AP NEWS

Kim Nahrgang draws on what she knows to train the next generation

May 12, 2019

Thirteen-year-old Kim Nahrgang was helping out on her family farm, racking up what would be the first of many experiences with blood, shots and needles, when the idea of nursing first crossed her mind.

“My dad actually said, ‘You’re never going to be a nurse if you don’t learn how to do this.’ And I kind of looked at him and said, ’What do you mean, be a nurse?” she said.

She didn’t remember ever telling him she wanted to pursue that path. But at that moment, he planted a seed — one that has blossomed into a robust career that took her from Minnesota to Las Vegas and back, gave her a laundry list of experience in the field and played a part in creating a life she’s proud of.

Nahrgang, who has spent the past five years as staff development director at Saint Anne of Winona, was nominated for outstanding service in nursing in the La Crosse and Winona areas for “Nurses: The Heart of Health Care,” sponsored by the River Valley Media Group.

She is also an instructor at Saint Anne’s training center, which readies future nurses for their career with CNA and CPR certifications, as well as coordinating her organization’s part in REACH at Winona Senior High, a program that allows students to gain real-world experience in the healthcare field.

“Every path my life has taken, there has been a nursing position that fits very well with that path,” Nahrgang said.

After graduating college, Nahrgang went west, working at a children’s hospital in Las Vegas.

She then returned home — because “it’s really hard to take a Minnesota farm girl and plant her in the desert,” she said with a laugh — and worked in home care in Rochester and as director of nursing at an assisted-living facility in Lewiston, as well as a smattering of other related jobs, before accepting the position at Saint Anne.

And her breadth of experience on the front lines makes a solid bridge between staff and management.

“I know both ends of it,” Nahrgang said. “I love saying, ‘That is not going to work. This might work,’ and then seeing the final product.”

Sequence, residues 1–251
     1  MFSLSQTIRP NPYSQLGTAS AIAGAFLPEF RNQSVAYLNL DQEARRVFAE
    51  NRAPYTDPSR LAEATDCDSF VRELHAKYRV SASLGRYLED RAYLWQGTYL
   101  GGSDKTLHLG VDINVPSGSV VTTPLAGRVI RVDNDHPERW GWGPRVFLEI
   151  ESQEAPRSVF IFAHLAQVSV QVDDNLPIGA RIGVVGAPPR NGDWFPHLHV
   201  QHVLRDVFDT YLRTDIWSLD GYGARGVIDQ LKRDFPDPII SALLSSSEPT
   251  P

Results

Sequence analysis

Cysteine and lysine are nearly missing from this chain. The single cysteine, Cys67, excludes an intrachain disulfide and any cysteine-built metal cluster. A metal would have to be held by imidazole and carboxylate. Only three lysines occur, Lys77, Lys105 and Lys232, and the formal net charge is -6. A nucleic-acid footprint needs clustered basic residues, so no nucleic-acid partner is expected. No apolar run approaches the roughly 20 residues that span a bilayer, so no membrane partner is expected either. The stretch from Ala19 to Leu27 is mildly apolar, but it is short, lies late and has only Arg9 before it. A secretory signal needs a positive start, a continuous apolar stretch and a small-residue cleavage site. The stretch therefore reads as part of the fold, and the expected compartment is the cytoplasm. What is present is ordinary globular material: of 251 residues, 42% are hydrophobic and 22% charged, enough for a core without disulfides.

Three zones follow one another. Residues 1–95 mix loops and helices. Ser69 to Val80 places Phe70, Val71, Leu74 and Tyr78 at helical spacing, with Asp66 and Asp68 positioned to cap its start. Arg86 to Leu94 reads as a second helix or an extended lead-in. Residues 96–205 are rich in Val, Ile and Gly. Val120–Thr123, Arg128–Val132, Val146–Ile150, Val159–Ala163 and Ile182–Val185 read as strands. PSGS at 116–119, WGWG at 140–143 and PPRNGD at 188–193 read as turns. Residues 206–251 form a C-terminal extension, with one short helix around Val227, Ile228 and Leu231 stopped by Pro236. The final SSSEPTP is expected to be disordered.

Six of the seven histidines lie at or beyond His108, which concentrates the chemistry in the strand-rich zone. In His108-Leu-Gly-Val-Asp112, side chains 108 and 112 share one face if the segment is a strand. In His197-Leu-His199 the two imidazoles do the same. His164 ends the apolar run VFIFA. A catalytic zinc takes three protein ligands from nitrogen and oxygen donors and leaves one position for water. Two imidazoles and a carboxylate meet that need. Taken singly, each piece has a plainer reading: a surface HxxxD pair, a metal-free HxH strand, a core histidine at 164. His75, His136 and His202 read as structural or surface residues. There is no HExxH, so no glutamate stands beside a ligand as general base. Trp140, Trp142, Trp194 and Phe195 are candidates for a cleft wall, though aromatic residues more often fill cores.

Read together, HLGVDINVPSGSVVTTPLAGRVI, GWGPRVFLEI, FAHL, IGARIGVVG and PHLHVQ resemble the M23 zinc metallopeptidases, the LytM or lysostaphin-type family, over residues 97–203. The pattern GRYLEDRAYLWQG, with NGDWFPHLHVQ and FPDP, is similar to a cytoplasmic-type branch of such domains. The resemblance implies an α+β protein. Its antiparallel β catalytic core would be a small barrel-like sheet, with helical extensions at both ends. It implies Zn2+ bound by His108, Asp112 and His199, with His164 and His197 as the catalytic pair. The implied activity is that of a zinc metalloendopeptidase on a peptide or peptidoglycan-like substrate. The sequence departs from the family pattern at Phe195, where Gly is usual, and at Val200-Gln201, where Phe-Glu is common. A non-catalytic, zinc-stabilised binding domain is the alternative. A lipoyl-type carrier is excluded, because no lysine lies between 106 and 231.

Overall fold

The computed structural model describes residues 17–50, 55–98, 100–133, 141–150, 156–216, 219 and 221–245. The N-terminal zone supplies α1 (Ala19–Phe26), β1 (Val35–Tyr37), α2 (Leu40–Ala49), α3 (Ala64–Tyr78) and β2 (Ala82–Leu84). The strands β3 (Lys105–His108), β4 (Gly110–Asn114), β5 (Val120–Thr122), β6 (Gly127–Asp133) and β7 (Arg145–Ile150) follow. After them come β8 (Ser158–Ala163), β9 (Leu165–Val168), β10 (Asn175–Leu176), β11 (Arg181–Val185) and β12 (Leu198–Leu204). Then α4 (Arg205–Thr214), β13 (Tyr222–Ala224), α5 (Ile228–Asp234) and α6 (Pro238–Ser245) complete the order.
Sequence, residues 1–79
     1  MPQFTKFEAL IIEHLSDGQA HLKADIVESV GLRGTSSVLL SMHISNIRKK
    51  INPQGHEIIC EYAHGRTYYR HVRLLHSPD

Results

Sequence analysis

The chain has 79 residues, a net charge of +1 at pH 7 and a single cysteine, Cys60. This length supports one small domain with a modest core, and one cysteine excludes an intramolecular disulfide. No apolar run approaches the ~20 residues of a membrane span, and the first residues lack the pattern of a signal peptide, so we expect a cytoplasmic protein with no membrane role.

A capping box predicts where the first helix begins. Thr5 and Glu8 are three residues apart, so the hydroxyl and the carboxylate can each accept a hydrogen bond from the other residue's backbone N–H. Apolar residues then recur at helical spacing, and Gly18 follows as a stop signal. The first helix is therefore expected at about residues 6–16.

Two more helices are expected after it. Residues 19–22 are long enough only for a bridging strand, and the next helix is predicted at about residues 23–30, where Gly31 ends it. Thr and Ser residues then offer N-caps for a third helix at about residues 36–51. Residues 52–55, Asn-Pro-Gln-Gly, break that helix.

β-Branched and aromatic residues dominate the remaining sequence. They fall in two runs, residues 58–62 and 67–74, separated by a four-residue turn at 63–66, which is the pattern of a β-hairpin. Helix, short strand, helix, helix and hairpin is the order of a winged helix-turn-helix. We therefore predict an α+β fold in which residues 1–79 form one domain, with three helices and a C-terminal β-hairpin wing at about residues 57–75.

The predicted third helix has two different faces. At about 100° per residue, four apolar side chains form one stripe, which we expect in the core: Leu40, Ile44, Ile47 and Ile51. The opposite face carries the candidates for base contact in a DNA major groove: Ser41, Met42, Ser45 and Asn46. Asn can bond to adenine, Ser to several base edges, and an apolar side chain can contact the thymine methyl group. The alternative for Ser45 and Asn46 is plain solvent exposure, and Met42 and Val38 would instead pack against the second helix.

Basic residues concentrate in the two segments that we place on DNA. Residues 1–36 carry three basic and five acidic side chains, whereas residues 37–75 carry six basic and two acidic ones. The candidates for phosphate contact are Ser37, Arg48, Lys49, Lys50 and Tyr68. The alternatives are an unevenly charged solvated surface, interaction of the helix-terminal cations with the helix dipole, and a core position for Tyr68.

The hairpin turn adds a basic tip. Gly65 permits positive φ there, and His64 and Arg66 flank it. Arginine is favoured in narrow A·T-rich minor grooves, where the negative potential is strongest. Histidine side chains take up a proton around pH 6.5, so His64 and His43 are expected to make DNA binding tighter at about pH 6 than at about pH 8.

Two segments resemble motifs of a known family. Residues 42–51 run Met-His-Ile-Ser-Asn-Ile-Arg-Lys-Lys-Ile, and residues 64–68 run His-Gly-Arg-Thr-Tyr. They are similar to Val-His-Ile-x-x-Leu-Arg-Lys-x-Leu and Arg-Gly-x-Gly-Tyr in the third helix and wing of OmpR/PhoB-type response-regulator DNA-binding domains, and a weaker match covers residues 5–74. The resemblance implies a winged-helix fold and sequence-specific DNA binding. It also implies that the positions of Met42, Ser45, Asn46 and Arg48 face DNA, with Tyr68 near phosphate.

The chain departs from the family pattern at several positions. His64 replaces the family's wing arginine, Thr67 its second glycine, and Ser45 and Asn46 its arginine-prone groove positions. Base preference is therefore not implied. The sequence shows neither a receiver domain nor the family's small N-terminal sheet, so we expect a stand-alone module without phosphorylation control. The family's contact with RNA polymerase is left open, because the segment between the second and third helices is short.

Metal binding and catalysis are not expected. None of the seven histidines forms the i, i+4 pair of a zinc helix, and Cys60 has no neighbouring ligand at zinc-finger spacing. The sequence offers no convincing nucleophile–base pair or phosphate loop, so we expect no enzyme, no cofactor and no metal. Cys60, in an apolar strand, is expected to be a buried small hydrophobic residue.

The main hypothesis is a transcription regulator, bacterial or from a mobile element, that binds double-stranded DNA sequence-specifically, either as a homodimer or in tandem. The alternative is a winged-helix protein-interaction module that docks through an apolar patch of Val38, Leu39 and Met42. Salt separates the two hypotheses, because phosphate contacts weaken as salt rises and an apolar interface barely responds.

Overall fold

For example, the information a new CNA needs to digest is “staggering,” she said. She’s working to evaluate how that information is shared and streamlined during the onboarding process.

“We know we need to meet regulation, but we also need them to provide the care,” Nahrgang said. “Let’s start developing other programming where we can get them to the floor … let’s make some more engaging learning opportunities, versus just PowerPoints.”

She’s also resurrected SAW University, an orientation program where Saint Anne staff can gather once a month for a meet-and-greet, as well as the preceptor program, which reimburses certain employees who are responsible for thoroughly training new associates.

The best part of mentoring and training the next generation of nurses, she said, is watching the students on the last day of their clinical experience, noting how they’ve come out of their shell and can speak enthusiastically about their time with patients at Saint Anne.

“I’m very proud of them, each and every class that goes through here, because they feel so good about themselves,” she said.

And though it’s been a few years since she was in their shoes, she’s only a step away from her roots.

“Any time I want to, I can empty a garbage, scrub toilets, serve a meal. I can go help someone get dressed, I can bathe someone,” Nahrgang said. “Nobody is going to say, ‘Whoa, Kim, what are you doing?’ If I see something that needs to be done, I just do it.”